Body shaming
Sana Mir tore into a recent hair-removal cream ad that suggested you need smooth arms to become a better sportsperson.
Sana Mir/Facebook

A fair-skinned woman in a body-hugging dress, high heels, and perfect hair and makeup strides across the basketball court. She dribbles the ball and shoots a basket without so much as breaking into a sweat.

This, as players in the court look on in awe. A player who brushes against her arm later compliments the woman. "So smooth." "Not just smooth, but perfect," comes the response. They both high-five.

This scene plays out in a recent commercial for Veet's hair-removal cream. Two identical commercials, one for India and the other for Pakistan, feature Bollywood actor Shraddha Kapoor and Mahira Khan respectively.


What has smooth skin got to do with basketball, you ask?

Apart from it being ridiculous in the practical sense, the commercial more dangerously promotes unrealistic beauty standards. In a field that is still male dominated and is still deeply patriarchal, the last thing young girls need to hear is to have smoother arms, fairer skin or thinner legs in order to play or excel in sports.

When Sana Mir, a cricketer and the former captain of the Pakistani women's cricket team, came across the commercial, she raised these very questions.

In a scathing post on Facebook, the sportsperson writes, "To all young girls out there who aspire to take up sports. 'Make no mistake: you need strong arms, not smooth arms, on a sports field'."

Sana's post which slams the rampant objectification of women's bodies is being shared widely, with her views resonating with many.

"We – corporate sponsors and celebrities – always talk about our concern regarding the objectification of women in different professional settings. It infuriates us most of the time," she writes. "We see endless posts and statuses on social media expressing our anger. But when it’s time to walk the talk, I have seen very few sponsors or celebrities actually take a stand to support women being comfortable in their own skin."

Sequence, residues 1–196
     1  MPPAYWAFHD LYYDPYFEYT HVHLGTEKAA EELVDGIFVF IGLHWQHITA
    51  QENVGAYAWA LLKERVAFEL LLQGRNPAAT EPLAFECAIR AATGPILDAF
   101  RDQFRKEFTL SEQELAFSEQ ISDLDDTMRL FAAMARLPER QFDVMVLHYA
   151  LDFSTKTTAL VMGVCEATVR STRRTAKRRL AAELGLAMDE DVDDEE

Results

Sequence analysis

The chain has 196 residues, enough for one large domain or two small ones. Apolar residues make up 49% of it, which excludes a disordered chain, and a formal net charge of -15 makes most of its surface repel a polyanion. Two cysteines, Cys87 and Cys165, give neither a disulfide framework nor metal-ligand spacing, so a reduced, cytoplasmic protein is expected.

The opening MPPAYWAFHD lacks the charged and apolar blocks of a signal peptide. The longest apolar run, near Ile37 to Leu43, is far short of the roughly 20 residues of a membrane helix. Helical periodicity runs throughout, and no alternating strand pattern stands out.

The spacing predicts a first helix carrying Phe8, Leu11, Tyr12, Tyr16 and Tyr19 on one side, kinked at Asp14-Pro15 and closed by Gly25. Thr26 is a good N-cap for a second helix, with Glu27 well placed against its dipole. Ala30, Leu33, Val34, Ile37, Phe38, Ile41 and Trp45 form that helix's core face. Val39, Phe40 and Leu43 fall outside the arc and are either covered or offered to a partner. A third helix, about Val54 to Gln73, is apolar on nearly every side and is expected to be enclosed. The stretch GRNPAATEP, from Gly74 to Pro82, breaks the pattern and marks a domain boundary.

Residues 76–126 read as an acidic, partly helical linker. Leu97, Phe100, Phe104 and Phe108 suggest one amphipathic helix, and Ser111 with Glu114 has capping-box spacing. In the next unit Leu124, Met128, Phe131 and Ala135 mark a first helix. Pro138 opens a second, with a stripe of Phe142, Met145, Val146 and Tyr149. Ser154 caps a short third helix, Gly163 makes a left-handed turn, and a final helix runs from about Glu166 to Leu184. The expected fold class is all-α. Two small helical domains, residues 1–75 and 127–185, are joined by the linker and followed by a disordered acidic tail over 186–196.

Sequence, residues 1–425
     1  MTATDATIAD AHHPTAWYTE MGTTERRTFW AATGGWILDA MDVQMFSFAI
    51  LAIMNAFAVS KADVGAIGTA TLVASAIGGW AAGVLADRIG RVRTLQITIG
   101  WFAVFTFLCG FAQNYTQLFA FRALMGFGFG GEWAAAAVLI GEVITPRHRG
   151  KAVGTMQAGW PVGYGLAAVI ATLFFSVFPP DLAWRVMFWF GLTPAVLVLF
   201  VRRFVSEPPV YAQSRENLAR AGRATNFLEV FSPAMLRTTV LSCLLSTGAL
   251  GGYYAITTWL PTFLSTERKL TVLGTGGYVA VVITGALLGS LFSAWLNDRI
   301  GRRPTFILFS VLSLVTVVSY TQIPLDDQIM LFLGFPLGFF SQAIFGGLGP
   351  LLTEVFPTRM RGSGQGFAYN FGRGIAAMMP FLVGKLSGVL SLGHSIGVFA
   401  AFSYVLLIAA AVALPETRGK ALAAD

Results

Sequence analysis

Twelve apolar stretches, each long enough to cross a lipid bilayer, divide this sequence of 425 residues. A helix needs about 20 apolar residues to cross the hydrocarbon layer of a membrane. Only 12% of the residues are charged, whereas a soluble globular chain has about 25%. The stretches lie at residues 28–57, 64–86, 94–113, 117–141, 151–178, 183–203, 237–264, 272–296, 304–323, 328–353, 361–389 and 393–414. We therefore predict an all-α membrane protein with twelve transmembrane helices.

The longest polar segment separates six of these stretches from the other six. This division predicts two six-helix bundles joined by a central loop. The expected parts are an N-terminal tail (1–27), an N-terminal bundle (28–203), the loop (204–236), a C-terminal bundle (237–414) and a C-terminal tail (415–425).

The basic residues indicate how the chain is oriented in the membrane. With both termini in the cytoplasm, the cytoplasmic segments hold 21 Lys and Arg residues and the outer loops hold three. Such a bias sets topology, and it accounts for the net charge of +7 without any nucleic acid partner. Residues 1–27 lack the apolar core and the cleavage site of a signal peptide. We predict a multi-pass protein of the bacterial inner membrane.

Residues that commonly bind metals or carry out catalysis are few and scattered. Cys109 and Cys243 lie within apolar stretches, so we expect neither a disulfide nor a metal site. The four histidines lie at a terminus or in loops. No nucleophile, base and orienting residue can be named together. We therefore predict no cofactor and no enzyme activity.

Talking about the commercial, she goes on to state, "I have come to know that it’s a campaign for both Pakistan and India. It’s magnifying a girl’s concern about how she looks on a basketball court. The worst thing is that instead of sending a message to young girls that the colour or texture of their skin does not matter, we are promoting body shaming and objectification."

"Are the talent, passion and skill of a girl not enough for her to play sports?" she asks. "There are female sports icons around the world who have made their way to the top because of their skill, talent and hard work, not because of the colour or texture of their skin."

Sana says that over her 12-year-long career, she has rejected several such offers to endorse beauty products for one reason, i.e. "I want young girls with a passion for sports to know that all they need for a practice session are the will to succeed, comfortable shoes and clothes, a water bottle and a cap if it’s hot."

She ends her post by urging celebrities and sponsors to encourage young women to achieve their dreams instead of disabling them by making them self-conscious.

 

To all young girls out there who aspire to take up sports. “Make no mistake: you need strong arms, not smooth arms, on...

Posted by Sana Mir on Sunday, 22 April 2018